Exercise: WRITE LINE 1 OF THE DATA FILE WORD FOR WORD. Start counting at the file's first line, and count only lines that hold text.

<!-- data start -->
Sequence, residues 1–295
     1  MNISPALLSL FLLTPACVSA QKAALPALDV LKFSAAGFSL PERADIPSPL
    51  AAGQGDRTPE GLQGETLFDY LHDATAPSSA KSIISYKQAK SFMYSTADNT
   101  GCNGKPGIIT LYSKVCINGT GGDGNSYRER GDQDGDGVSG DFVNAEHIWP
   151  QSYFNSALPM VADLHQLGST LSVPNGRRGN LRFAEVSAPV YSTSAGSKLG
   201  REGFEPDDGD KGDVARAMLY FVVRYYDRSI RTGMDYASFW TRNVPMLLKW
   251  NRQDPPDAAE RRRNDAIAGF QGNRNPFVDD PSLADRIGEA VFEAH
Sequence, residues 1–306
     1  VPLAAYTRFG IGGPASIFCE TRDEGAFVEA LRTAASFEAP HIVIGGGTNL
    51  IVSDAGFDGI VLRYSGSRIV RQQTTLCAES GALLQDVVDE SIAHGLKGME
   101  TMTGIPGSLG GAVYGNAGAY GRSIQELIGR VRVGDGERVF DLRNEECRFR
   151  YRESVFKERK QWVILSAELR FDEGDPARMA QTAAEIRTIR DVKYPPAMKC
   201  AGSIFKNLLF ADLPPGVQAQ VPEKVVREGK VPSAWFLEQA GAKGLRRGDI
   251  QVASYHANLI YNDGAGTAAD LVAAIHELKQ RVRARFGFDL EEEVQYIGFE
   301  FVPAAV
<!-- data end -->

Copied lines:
Sequence, residues 1–295